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Raleigh's South Stream Productions again takes the stage at Sonorous Road with another provocative production, this time based on a real-life event. While the news barely reached our shores, in a 2003 story, US Marine Toby Studebaker was tried and convicted overseas for the kidnapping of a 12-year-old British girl. In 2005, Scottish playwright David Harrower was commissioned by the Edinburgh International Festival to write a play along these lines. What they got was perhaps different than what they expected. In Blackbird, Harrower places the play 15 years beyond such an event, and pits the two involved characters against each other.
South Stream's Brook North directs this essentially two-person show with an eye on developing each character over a period of years, rather than moments. When these two confront each other, 15 years have passed since the "event," and Ray (John Honeycutt) has done a tremendous job of getting on with his life. After a six-year prison term is curtailed for good behavior to three years, eleven months, Ray, now a convicted pedophile, leaves town, changes his name, and tries to blend into the scenery. He is fortunate; he is able to obtain a good job, make a decent living, and he has even found a woman to share his life with, someone a year older than he is. He has done everything possible to atone for his actions, and feels he is entitled to a life after paying for his crime. He is clean; he has never even attempted to sleep with another child.
Una (Katie Barrett) has not moved on so well. While she has blossomed into a stunning young woman, Una is deeply troubled. After her one day of testimony at Ray's trial, she was whisked out of sight, but her parents never moved from the small town in which they had always lived. Thus, Una has been the topic of discussion, pointed at, ridiculed, and tormented. There has never been a day in which she has not brooded over the terrible events of that night. She had found Ray quite by accident, while reading a glossy magazine. There in a picture, shown among his new co-workers, was Ray, smiling back at her, but now under a new name. So, having learned where he works, Una has come to confront Ray. But even now, standing in a shabby breakroom, staring back at him, she is unsure of exactly why she came. Hoping, perhaps, for some sort of closure, she is the all-too-real reminder of what Ray has done, and he is, to say the least, not happy to see her.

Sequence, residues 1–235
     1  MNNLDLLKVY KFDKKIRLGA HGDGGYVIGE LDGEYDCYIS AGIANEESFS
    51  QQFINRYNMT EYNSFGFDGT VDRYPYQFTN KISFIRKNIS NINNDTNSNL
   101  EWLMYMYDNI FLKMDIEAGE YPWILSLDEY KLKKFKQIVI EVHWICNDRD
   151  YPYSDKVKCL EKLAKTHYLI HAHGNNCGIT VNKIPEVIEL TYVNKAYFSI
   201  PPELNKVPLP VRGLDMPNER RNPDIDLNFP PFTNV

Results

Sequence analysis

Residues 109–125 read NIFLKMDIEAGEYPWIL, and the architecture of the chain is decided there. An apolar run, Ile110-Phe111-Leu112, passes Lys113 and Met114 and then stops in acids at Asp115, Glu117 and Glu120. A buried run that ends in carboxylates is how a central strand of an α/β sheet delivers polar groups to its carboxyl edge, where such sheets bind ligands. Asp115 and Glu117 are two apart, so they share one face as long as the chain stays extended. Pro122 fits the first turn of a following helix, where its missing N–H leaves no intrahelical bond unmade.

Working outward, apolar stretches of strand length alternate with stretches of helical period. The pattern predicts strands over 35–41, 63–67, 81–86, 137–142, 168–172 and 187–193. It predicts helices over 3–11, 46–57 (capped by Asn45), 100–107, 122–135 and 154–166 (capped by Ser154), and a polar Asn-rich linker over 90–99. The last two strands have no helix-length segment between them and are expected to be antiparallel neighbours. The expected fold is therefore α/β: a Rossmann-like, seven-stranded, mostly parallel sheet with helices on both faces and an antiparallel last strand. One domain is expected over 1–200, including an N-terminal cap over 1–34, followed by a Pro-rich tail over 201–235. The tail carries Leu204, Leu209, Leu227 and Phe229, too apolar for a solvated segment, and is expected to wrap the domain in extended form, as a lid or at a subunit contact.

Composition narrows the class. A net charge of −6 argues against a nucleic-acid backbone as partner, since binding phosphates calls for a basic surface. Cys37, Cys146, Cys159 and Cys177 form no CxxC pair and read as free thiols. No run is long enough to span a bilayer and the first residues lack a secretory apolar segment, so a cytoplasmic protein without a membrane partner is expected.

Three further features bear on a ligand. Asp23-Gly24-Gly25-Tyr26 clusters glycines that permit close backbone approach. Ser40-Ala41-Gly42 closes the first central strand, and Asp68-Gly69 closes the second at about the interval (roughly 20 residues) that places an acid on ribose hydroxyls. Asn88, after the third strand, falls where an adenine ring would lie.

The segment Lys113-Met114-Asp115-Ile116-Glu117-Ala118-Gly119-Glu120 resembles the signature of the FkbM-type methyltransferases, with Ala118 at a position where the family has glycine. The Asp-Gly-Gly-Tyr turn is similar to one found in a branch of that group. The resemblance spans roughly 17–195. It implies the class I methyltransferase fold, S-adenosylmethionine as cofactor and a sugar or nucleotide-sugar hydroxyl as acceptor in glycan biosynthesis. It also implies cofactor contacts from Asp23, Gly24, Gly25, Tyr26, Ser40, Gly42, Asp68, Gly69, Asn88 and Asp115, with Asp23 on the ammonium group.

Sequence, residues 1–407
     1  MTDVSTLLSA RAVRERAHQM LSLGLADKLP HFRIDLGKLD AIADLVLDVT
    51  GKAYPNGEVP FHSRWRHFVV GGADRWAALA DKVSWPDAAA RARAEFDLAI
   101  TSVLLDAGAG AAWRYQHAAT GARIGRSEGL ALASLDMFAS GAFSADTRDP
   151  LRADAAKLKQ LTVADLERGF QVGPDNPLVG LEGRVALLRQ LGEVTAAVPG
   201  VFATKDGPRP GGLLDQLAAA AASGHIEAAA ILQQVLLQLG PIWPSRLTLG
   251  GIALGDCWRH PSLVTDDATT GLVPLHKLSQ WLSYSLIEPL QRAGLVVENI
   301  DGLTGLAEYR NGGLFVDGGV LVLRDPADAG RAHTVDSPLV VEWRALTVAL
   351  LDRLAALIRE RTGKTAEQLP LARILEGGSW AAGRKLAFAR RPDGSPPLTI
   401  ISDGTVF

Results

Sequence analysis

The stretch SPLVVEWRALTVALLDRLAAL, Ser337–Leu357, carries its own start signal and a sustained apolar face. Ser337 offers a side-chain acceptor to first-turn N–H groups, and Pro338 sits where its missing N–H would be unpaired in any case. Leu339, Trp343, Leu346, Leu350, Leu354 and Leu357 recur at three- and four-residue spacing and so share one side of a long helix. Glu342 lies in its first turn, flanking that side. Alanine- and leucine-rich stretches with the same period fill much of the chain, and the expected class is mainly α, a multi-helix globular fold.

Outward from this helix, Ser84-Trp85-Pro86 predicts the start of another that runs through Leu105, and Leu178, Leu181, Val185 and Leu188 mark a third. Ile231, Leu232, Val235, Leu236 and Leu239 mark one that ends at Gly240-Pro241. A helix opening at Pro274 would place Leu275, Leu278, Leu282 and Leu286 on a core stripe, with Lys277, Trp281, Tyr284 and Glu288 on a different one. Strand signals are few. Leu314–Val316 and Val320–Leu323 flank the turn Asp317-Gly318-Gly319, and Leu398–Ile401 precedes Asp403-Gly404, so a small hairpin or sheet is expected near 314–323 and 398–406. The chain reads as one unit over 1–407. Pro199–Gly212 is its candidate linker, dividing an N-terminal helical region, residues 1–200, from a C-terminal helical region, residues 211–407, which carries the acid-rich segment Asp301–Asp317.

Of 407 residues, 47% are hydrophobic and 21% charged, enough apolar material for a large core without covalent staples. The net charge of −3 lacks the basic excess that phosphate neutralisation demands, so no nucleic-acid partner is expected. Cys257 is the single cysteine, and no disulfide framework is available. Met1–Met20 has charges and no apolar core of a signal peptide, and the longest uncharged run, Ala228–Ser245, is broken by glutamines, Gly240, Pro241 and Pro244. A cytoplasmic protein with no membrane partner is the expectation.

John Honeycutt played Ray with a sense of heaviness of the weight that bears down on him. Katie Barrett portrayed Una as a seemingly confident, together young woman: well-dressed, well-groomed. But past this facade of confidence, we were able to see that Uma is still a 12-year-old child who had not only been abused, but abandoned.
There are so many different ways this scenario could break that, when it finally came, the climax was actually surprising. And if you suspected violence, be not surprised; there is anger, there is rage, even the throwing of furniture.
While I stated that this was, essentially, a two-person play, there is a third person involved, a young girl played adroitly by Marleigh Purgar-McDonald. It is a brief, well-handled appearance. But if, like I, you notice things like pre-show and post-show music, know that it is performed by this young lady and Aaron Alderman. The post-show performance of Lennon and McCartney's "Blackbird" and these particular lyrics are especially apt.
South Stream builds this show in a room that looks exactly like every breakroom you have ever seen: sink, fridge, coffee pot, microwave, trash, tables, chairs, bare white walls, dull commercial carpet. Dull and boring by design. It is not a room in which you are expected to spend a lot of time. It is exactly the kind of room where this should never happen. And that, after it is all said and done, is this play in a microcosm.
Blackbird continues through Sunday, January 22. For more details on this production (and updates on weather-related performance cancellations), please view the sidebar.